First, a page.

Philadelphia is doing a better job of retaining young adults than our peer cities, reports Mark Dent, looking at new data from Trulia. “Trulia’s report suggests young people are having a tough time staying in cities like New York and San Francisco because of the sky-high real estate prices. Philly’s comparatively low rents and home prices might be allowing young people to stick around for longer.”
Despite the enormous popularity of Jane Jacobs as an urban thinker, “[i]t’s almost impossible to point to specific examples of Jacobs’s influence,” writes Jacob Stephens, in a piece on Jacobs’s lasting, even growing, relevance. “If anything, Jacobs signifies negation: the absence of a superblock, the highway that was never built. Or she embodies the ephemeral: the evening stroll, the chance encounter, the purchase of a bagel and coffee.” PlanPhilly has a full line-up of free Jane’s Walk walking conversations from this Friday afternoon through Sunday.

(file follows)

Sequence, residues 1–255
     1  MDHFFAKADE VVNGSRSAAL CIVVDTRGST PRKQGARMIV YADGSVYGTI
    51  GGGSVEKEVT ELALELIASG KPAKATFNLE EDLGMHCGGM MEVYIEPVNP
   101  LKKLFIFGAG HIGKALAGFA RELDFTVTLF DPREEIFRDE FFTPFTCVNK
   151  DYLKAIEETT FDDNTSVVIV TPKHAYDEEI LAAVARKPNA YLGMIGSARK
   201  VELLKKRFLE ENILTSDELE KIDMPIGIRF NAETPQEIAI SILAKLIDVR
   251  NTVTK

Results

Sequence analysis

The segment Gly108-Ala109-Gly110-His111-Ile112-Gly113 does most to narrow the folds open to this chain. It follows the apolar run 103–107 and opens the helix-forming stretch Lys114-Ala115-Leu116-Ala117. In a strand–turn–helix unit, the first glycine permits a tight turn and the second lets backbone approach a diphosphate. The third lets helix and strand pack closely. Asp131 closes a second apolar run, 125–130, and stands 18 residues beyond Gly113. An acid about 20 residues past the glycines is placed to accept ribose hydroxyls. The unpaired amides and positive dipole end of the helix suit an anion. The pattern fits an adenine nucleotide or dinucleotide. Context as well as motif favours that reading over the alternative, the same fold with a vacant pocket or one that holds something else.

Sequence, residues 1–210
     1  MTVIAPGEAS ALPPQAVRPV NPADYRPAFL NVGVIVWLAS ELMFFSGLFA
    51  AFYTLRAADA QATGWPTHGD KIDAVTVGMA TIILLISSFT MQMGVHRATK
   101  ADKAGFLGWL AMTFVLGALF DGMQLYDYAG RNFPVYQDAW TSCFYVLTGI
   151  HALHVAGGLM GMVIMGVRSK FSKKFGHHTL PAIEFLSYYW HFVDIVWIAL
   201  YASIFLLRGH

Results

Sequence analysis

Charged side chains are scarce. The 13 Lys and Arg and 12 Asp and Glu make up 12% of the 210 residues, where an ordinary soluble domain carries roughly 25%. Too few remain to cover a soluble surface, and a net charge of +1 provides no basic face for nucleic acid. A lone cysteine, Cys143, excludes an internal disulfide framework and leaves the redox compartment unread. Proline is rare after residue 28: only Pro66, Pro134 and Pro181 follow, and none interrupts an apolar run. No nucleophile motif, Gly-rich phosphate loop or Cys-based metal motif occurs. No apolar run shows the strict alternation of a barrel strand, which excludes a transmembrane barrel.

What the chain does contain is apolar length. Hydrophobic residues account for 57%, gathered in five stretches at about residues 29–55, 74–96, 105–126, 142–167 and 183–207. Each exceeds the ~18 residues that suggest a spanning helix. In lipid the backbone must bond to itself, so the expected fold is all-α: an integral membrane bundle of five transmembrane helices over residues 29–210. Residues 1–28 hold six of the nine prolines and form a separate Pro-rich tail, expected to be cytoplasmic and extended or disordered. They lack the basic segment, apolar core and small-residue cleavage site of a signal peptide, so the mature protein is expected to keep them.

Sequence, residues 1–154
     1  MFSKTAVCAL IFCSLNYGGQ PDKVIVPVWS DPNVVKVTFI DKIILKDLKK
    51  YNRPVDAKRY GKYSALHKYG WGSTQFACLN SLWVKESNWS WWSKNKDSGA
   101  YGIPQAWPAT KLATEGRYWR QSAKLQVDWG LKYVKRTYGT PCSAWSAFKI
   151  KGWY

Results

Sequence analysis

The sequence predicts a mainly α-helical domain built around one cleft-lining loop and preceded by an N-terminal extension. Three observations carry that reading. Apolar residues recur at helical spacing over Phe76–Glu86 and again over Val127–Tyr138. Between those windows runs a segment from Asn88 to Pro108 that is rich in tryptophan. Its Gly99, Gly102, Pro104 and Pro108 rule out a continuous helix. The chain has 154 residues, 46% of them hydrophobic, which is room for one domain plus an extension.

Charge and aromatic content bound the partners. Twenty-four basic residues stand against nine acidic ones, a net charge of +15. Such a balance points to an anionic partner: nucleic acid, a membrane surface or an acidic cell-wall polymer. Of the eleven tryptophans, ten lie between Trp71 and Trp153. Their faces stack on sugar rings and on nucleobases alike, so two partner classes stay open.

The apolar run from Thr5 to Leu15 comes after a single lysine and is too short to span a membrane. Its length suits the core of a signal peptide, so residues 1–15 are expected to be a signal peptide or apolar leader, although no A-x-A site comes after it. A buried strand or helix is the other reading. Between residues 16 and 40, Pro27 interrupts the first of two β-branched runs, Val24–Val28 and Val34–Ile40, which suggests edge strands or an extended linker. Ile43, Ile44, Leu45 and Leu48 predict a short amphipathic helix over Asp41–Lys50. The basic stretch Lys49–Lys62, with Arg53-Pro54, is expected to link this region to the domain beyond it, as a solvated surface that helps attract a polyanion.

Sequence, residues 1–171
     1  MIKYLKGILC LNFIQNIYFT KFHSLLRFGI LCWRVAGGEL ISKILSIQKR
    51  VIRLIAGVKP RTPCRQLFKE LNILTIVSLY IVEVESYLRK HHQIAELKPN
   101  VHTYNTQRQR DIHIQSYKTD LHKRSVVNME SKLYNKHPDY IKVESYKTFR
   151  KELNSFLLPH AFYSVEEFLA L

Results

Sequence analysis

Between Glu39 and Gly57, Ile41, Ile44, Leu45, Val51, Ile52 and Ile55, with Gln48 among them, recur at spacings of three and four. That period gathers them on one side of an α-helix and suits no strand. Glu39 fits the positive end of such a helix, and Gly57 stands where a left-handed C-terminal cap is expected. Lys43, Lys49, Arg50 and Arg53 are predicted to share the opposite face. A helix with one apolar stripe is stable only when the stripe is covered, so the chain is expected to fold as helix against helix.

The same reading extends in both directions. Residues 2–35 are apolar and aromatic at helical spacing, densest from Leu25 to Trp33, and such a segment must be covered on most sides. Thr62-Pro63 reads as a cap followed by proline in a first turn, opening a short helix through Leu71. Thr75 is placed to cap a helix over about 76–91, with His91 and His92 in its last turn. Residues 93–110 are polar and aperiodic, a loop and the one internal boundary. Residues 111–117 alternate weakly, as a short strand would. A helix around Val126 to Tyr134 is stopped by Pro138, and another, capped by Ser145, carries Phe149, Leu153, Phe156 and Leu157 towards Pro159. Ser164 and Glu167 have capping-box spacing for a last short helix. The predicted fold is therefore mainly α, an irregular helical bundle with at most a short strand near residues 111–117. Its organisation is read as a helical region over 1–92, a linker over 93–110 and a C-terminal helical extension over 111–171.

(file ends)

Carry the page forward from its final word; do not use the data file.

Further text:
WHYY’s Elana Gordon recorded a podcast for 99% Invisible about the discovery of Legionnaire’s disease after a terrifying outbreak at the Bellevue-Stratford hotel in 1976.
And NPR’s Hidden Brain podcast takes on the thrilling topic of ‘induced demand’ for traffic, explaining the counterintuitive finding that building new road capacity, or even new public transit, doesn’t reduce congestion.
In an important advance for beer infrastructure, a brewery in Bruges, Belgium is nearing completion of a 2-mile beer pipeline from their brewery in the city center in Bruges to an industrial bottling plant, saving hundreds of truck trips between their brewery and the bottling facility. The pipeline will be able to carry 1,500 gallons of beer an hour at 12 mph.